Instructively, the counter-insurgency campaign lacks organizational structure, coordination, bite, and sustained effectiveness. Without a separate authority in charge, there is poor coordination between services, duplication of effort leading to waste of funds, men and equipment. For effective coordination, warfare must be overseen by an overall commander. The structure should incorporate horizontal and vertical coordination and cooperation at all levels to ensure effective managerial and operational coordination, especially where bureaucratic capacities overlap.
Overall responsibility should rest with the coordinator who derives his authority directly from the chair. The United States reorganized its armed forces into a regional command structure to allow direct presidential control over commanders in the field. National Security Adviser Babagana Monguno lacks effective coordinating authority, as evidenced by his complaint that former service chiefs bypassed him.
The United States also created the Department (Ministry) of Homeland Security to coordinate national security following the September 11 terrorist attacks.
Terrorists should be denied free rein in ungoverned or lightly governed areas where they currently insert themselves as de facto governmental authorities. Winning the hearts and minds of the people should involve driving out terrorists and providing effective governance; security, social services and permanent presence. Terrorist groups cannot survive without some degree of public sympathy and support. The erosion of this base of support should be paramount.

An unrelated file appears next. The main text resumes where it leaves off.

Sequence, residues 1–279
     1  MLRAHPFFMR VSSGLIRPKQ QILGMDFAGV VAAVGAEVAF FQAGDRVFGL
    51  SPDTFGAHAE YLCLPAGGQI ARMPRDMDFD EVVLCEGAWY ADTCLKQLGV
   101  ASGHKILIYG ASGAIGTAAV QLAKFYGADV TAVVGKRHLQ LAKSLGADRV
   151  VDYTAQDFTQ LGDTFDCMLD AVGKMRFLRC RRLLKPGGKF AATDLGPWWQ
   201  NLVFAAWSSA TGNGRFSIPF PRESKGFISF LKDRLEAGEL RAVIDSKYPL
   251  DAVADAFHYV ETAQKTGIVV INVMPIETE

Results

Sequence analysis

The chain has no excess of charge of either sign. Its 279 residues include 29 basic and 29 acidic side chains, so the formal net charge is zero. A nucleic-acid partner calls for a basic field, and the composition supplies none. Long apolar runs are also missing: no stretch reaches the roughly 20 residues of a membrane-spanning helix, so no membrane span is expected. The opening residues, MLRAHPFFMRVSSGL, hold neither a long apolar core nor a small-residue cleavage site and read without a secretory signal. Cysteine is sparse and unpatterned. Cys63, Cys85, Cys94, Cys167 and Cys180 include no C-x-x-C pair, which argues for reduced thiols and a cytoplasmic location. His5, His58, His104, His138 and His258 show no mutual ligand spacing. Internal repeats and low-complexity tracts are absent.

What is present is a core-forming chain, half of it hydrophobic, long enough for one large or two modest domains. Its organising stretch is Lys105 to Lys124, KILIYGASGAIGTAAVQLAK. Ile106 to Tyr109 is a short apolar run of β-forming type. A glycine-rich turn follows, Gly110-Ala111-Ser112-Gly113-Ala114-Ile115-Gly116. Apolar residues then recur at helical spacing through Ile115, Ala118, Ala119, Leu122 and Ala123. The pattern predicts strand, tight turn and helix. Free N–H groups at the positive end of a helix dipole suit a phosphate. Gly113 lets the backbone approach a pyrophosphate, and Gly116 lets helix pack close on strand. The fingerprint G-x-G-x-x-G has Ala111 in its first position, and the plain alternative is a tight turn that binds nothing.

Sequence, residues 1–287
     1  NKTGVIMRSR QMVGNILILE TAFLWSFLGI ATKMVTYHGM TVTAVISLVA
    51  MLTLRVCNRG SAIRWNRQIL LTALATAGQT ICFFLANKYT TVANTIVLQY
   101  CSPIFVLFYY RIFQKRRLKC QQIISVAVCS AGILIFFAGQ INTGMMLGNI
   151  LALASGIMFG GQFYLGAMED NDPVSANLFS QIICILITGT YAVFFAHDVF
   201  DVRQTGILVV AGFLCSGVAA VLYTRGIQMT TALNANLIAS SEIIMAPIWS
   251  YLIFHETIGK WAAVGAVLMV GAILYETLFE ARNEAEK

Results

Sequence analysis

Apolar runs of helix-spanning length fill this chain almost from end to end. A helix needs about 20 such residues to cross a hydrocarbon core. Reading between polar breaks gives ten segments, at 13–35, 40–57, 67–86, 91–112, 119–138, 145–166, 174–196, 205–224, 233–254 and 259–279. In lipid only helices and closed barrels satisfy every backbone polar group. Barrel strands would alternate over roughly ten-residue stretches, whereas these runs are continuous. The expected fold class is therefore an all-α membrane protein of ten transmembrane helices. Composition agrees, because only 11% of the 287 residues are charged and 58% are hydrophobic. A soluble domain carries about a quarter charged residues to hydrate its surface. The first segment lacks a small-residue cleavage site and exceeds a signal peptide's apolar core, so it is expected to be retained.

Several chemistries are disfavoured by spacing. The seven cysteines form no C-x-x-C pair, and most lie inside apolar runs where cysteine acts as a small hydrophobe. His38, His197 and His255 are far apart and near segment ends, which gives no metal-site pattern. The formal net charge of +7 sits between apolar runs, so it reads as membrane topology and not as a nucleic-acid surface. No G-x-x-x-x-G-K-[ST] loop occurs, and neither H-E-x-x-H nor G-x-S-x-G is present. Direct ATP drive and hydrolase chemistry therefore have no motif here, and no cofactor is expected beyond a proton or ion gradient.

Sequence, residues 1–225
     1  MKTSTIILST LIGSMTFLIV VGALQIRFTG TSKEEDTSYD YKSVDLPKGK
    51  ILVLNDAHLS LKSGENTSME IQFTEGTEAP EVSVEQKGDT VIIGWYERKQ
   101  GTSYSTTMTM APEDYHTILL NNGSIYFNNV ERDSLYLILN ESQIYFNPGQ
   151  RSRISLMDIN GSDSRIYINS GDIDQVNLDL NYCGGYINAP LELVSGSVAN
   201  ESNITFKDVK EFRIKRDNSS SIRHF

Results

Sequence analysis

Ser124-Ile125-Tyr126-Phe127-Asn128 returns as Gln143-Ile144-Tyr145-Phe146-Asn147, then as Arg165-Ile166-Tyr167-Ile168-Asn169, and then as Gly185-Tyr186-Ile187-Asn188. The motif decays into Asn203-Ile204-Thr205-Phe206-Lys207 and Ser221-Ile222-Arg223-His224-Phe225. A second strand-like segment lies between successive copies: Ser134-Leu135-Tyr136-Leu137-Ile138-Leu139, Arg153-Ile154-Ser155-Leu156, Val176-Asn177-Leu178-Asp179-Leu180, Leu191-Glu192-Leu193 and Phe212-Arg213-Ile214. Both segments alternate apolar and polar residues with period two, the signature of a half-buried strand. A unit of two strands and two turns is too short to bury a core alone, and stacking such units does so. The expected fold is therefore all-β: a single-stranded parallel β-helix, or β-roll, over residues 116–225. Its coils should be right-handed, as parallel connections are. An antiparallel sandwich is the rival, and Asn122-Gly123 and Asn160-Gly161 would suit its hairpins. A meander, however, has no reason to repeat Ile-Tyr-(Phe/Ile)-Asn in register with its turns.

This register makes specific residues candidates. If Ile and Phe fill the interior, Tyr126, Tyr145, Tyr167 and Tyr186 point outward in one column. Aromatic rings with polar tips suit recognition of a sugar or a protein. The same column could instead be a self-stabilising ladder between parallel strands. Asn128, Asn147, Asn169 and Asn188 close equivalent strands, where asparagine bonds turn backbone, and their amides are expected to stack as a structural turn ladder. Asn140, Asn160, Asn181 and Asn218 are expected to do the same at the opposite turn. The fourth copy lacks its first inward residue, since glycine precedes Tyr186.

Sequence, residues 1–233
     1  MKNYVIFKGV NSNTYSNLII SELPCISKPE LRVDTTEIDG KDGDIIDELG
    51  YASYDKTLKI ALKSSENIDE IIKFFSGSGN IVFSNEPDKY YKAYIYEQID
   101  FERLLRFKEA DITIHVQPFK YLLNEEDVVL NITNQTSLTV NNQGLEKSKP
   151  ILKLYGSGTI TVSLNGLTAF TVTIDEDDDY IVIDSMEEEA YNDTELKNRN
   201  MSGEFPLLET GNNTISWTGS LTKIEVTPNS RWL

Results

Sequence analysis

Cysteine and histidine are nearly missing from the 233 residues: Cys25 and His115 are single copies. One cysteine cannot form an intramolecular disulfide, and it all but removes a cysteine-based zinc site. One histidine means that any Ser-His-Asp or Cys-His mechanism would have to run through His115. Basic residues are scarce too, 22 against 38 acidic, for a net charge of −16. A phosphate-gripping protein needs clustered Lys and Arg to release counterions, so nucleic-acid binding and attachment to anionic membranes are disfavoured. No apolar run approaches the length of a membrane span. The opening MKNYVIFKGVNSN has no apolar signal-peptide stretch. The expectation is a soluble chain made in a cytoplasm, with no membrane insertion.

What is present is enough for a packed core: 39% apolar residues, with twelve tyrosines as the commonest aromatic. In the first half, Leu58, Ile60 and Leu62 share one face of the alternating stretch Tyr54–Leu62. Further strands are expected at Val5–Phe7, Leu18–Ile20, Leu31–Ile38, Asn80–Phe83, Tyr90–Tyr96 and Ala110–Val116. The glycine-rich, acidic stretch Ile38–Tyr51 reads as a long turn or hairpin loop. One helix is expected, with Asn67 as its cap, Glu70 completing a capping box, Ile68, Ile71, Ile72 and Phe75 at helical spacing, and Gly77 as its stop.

The government is losing ground because the intelligence services are inefficient and politicized. Yet war must be intelligence driven. The collection, analysis, dissemination and sharing of reliable and timely information is absolutely necessary. The State Security Service should be reformed and refocused from protecting the regime towards its primary mandate of securing the country. Technological deployment, infiltration and targeted elimination of terrorist leaders should be a priority.
Surveillance and armed drones should be used. An intelligence report observed: “Armed drones are a good option to add to Nigeria’s military arsenal, as are several force multipliers. These are particularly important given the multiple theaters of conflict in which the army is engaged and the fact that it is dispersed. Security services must track, block and disrupt the logistical and financial flows of criminals.
The terrorists, their financiers and their accomplices must be brought to justice. The eccentric, ill-defined and politically motivated “amnesty” for so-called “repentant terrorists” should be stopped. Criminals, murderers must be subject to the wrath of the law. It is their victims who must be rehabilitated.
The US Center for Contemporary Conflict at the Naval Postgraduate School in Monterey recommends that all counter strategies contain psychological programs, diplomacy, intelligence, military force, covert special operations, law enforcement, security protection, emergency crisis management and reconstruction assistance. The military should adopt these measures. Emphasis must be placed on neutralizing present and future threats.
Given the dire situation in the country, Buhari is expected to take charge and replace incompetent security chiefs and ensure effective coordination. Without further ado, state governors must take responsibility for the security of their people by creating, funding, arming and equipping national, regional and local security agencies.